Concert Review: Grace McLean and Sarah Mucho and Kurt Leege at the Delancey, NYC 8/18/09

Grace McLean really opened some eyes: as a keyboardist and bassist, she’s still taking baby steps, in stark contrast to the richness of her songwriting and her sophistication as a jazzy song stylist. From the sultry soul number that she opened with, a-capella, it seemed obvious that she’s spent some time out in front of a jazz band – the nuances, the effortless leaps and the out-of-the-box playfulness of her vocals are dead giveaways. Likewise, her songwriting is packed with devious tempo shifts, rhythmic devices, wickedly clever wordplay and a laugh-out-loud sense of humor, sort of a Rachelle Garniez Junior. Her number about being in love with her friend’s roommate had the room in hysterics and was something of an indelible New York moment. Likewise, a smartly swaying breakup number worked both as triumph over heartbreak and savage dis. The funniest song of the set was a breathless, rapidfire cabaret number about being jerked around by a clueless guy, done like Streisand with a graduate degree. Give this woman a piano player or a band behind her and there won’t be a cabaret room in town that she can’t rock.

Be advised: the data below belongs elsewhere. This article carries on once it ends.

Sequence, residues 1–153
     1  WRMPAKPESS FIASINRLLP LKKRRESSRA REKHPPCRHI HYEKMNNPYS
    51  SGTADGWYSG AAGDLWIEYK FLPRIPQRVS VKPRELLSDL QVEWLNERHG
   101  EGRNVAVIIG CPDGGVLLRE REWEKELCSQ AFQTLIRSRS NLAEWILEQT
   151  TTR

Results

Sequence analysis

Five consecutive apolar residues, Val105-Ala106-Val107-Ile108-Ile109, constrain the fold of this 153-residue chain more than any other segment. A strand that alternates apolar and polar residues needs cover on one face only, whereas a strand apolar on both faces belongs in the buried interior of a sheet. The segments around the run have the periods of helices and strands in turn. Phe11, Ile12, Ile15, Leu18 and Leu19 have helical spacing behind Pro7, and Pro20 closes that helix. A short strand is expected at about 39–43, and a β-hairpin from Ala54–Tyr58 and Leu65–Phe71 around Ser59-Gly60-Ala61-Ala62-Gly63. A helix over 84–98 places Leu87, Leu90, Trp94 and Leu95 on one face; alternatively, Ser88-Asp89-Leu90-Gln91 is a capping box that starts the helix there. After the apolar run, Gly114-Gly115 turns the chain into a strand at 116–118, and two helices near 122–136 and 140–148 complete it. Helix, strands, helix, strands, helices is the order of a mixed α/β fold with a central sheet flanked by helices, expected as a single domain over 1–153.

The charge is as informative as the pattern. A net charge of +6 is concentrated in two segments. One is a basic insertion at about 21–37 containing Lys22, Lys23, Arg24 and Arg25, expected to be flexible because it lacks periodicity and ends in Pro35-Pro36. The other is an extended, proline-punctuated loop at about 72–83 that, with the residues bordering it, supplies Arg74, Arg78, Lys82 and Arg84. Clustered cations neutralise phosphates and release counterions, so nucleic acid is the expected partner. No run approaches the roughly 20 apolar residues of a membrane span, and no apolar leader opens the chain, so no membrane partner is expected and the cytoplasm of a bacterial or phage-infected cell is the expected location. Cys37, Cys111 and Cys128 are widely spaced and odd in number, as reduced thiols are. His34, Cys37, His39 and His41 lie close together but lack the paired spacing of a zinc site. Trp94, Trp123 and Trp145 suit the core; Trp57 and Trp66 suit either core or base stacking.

The brain trust of ferocious, artsy rockers System Noise wound up the evening with a fascinating, virtuosic, low-key acoustic show, the kind that VH1 tries to get to work and inevitably fails with. This was a triumph. With guitarist Kurt Leege on acoustic and frontwoman/all-purpose siren Sarah Mucho alternating between percussion, harmonica and guitar and backed by excellent upright bassist, they revisited a trio of slinky, acerbic numbers from their early zeros band Noxes Pond. One of them was reinvented as a something of a dirge with stark bowed bass taking the lead part. They found the inner pop gem in Jimi Hendrix’ Angel, added a sly Talking Heads-style funkiness to Aimee Mann’s Wise Up and recast the Kinks’ Death of a Clown as a raucous barroom singalong. But their best song of the night was a brand new one,  a original fingerstyle Piedmont blues with a particularly chilling, anthemic lyric by Mucho, a reluctant embrace of angst and solitude to rival anything Ian Curtis ever wrote. It sounded nothing like anything System Noise ever did, and it’s a particularly promising new direction for them.

Opening act Kathleen Mock sang affectingly and often hauntingly in an Americana vein; Vanessa Boyd, who played after McLean also showed off some soaring vocal chops.

August 19, 2009 Posted by | Live Events, Music, music, concert, New York City, review, Reviews | , , , , , , , , , , , , , , , , , | Leave a comment

Cabaret Review: Michael Isaacs in Isaacs Schmisaacs at Don’t Tell Mama, NYC 5/20/09